Jesmyn Ward first starting thinking about Jojo, the main character in Sing, Unburied, Sing after she finished her award-winning novel Salvage the Bones. His character came to her suddenly, and telling his story became a must. This novel about a mixed race thirteen-year-old who lives in modern-day Mississippi and is largely raised by his Grandparents, Mam and Pop, is more than just a coming-of-age tale. It’s also a road novel, as Jojo, his young sister Kayla and their drug-addicted mother, Leonie, pick up his father from prison. Surprisingly, it’s ghost story too. The spirit of Leonie’s brother comes to her, and Jojo’s grandparents have their own ghosts (both literal and metaphorical) to deal with.
We spoke to Ward about ghost stories and Jojo's resilience.
Sing, Unburied Sing
How did this story come to you?
My inspiration arrives with my characters, and this character, this 13-year-old, mixed race kid popped into my head—that was Jojo. And I thought it would be interesting to explore what it would be like for this mixed-race kid to grow up in the modern south. And that was the seed of the idea. But I had several false starts. Even though his voice was very clear to me, I couldn’t figure out who his Mom was. It took some trial and error to figure out who the other important characters were, but once I had Jojo and his Mom, Leonie, I was able to write the book.
You told the story from several points of view—including the point of view of a ghost—what was it like incorporating that voice?
Well, all the characters I’ve written about in the first person perspective have been alive. But I had a lot of fun with Richie’s (the ghost’s) perspective. He has one foot in the real world and another in this spiritual realm. The spiritual realm could be whatever I wanted it to be—whatever he sees.
In a lot of ways this book is a road novel with the journey to Parchment Prison. Was that always the intention?
When I first began writing the novel, I thought it was going to be a road novel. I didn’t realize that there would be a ghostly element to it and that it would become a cross between a road novel and a ghost story. In the beginning I just thought I’m going to follow this family on a journey. I began to think about stories like The Odyssey where these characters are searching, traveling and trying to return home. My characters are trying to find sort of a figurative home—a place of safety and comfort.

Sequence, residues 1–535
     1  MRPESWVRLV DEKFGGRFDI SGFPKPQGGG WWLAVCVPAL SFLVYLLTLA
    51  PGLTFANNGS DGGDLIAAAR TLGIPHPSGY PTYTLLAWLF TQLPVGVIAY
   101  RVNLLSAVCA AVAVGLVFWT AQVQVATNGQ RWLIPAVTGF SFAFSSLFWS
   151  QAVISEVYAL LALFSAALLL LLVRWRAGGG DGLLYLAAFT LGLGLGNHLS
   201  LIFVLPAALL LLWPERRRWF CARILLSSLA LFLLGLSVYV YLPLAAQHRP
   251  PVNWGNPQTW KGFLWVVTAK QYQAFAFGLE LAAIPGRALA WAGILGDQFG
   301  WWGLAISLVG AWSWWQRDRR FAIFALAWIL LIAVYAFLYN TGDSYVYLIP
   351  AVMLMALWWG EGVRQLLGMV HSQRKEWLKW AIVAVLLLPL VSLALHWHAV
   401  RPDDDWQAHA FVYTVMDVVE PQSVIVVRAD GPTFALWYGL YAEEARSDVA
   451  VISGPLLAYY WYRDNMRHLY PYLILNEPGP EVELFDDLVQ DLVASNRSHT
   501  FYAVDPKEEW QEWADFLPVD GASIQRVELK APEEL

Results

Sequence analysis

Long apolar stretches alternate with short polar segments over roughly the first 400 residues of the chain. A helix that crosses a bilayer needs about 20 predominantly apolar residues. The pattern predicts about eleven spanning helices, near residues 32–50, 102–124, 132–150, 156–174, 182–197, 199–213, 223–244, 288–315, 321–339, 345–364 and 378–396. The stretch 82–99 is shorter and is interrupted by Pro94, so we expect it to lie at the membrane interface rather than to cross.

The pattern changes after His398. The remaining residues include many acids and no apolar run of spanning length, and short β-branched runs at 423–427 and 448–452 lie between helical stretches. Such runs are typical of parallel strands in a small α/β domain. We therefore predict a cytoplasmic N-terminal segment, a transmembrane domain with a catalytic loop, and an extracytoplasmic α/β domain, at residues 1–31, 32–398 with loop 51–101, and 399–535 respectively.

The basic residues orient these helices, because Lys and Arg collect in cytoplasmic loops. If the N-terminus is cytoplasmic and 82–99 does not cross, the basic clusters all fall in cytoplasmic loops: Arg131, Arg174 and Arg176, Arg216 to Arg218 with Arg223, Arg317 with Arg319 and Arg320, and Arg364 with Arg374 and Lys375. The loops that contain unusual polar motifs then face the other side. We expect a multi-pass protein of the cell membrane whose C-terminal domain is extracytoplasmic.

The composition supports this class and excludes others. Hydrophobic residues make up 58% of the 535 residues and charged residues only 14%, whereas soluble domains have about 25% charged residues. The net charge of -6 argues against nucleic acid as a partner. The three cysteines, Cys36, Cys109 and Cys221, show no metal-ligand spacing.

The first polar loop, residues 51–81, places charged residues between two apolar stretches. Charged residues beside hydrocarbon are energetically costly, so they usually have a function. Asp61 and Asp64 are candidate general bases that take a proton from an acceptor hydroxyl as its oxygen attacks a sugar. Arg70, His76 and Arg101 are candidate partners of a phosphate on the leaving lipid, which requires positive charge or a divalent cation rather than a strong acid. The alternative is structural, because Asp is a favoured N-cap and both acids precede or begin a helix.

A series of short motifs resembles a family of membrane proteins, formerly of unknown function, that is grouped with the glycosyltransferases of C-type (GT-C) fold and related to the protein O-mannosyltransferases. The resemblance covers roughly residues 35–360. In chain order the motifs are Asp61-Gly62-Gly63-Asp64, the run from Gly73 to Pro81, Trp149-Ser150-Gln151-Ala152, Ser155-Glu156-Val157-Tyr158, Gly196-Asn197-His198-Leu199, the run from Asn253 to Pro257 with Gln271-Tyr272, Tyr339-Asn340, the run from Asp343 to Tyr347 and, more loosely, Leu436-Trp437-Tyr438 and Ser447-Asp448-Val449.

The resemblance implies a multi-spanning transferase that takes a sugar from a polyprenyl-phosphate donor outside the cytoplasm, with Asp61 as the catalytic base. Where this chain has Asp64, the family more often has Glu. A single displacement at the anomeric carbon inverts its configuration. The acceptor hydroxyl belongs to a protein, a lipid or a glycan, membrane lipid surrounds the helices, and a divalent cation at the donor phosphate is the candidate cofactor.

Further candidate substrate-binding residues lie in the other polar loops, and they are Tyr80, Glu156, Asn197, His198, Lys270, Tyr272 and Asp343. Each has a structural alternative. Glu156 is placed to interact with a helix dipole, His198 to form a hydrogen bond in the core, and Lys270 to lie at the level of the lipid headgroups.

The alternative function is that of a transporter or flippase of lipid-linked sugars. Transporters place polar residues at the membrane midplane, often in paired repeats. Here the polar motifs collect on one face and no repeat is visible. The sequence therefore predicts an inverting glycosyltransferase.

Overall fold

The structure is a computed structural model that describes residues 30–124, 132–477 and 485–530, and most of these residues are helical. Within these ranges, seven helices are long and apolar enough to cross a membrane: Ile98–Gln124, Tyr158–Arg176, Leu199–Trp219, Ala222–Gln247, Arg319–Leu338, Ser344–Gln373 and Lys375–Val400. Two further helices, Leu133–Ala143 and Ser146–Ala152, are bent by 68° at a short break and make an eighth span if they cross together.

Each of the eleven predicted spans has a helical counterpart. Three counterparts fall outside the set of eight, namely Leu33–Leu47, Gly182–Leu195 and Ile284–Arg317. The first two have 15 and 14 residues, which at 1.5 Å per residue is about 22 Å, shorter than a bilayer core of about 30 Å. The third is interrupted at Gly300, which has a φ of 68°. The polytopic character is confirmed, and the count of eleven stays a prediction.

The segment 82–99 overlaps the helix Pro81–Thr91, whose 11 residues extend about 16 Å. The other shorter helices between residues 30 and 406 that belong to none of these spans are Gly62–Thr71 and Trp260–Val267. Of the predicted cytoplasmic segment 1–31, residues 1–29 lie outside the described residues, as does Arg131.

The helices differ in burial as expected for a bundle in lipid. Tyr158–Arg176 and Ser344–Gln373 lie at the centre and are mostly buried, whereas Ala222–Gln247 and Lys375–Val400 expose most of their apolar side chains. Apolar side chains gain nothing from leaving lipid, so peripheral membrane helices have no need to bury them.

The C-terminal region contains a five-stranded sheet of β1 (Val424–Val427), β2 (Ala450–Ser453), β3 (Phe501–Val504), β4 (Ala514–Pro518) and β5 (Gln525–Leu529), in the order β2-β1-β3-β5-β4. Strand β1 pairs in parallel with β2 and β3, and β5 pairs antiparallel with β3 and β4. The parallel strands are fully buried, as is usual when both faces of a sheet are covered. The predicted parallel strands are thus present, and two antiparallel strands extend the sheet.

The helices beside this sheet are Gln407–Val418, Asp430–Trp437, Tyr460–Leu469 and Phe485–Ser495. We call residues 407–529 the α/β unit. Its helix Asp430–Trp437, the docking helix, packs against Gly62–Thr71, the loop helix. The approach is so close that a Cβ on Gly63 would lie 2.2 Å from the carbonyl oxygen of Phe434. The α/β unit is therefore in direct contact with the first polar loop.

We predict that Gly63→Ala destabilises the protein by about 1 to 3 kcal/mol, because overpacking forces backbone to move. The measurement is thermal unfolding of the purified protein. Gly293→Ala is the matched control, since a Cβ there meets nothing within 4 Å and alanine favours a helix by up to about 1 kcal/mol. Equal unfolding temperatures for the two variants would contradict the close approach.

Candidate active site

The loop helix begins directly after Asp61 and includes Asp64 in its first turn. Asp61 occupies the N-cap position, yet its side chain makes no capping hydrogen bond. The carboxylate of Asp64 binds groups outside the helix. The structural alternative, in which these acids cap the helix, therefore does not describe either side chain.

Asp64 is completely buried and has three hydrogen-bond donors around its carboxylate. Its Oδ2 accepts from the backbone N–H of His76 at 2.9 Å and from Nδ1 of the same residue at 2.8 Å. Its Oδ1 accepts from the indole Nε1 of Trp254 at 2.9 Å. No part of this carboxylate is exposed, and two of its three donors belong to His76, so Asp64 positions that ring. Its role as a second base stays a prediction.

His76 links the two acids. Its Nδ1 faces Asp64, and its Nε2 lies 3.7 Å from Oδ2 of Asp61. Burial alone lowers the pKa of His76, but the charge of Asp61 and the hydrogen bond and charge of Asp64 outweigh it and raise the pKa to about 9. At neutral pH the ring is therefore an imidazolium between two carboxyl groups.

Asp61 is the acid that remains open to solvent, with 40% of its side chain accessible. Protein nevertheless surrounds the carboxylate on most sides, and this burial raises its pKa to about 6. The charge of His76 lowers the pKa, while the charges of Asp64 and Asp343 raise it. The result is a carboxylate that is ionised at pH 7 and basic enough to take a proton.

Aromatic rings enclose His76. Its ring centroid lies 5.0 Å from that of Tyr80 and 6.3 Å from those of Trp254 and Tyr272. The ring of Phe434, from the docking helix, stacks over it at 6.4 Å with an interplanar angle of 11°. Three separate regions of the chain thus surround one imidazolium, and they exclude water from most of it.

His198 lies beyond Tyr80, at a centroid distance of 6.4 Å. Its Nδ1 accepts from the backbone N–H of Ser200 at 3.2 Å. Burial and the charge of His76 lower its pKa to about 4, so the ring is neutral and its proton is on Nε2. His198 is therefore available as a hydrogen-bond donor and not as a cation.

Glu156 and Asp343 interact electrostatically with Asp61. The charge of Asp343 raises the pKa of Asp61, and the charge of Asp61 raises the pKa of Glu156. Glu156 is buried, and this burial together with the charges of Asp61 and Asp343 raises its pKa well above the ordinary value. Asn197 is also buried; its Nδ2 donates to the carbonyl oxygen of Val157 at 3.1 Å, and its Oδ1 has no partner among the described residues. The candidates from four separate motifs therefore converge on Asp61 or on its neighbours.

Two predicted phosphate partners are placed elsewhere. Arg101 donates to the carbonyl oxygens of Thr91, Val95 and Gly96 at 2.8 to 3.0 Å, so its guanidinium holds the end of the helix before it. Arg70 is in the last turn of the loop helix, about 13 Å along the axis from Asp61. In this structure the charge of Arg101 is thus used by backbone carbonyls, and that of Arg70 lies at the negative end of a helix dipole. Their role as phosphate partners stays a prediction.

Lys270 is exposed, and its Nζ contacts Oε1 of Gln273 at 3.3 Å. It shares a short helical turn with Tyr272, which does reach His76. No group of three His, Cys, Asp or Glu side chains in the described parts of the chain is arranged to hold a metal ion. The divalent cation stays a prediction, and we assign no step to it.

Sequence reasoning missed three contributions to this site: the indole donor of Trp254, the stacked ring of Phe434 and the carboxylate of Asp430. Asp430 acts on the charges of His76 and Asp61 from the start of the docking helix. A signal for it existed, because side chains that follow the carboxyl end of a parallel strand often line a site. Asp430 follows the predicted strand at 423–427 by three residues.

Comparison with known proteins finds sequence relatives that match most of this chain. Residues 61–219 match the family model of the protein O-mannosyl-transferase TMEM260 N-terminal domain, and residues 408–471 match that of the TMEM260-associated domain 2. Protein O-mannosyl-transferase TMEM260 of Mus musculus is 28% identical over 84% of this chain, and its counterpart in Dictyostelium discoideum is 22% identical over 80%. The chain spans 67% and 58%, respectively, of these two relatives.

I got the sense too that Jojo was a bit of an old soul—did he need to grow quickly because of his family life, or was he just wise beyond his years?
I like to think that he is an old soul. It’s a combination of the two, right? I mean the fact that he has this wisdom and understanding even though he’s really young. But he’s also cultivated this nurturing instinct to take care of his younger sister because of his situation.
Some of the living characters have a connection to that spiritual realm as well. Why could Leonie only access it when she was high?
Maybe when you’re able to see those things, or in this case when the people in this family are able to see those things, it requires an openness or a putting aside of your ego. Leonie, unfortunately, in some ways is a very selfish character.
The family seems to have all of these very strong connections—especially with the addition of these supernatural connections—but in a lot of ways there’s a lot of distance and not that much communication.
There’s a lot of connection that happens in absence of conversation. I think the connection expresses itself in the ways that they care for each other. That caring and connection doesn’t happen in conversation, you know—they just don’t sit around telling each other how much they love each other.
Sing, Unburied, Sing (Simon & Schuster) by Jesmyn Ward, $35.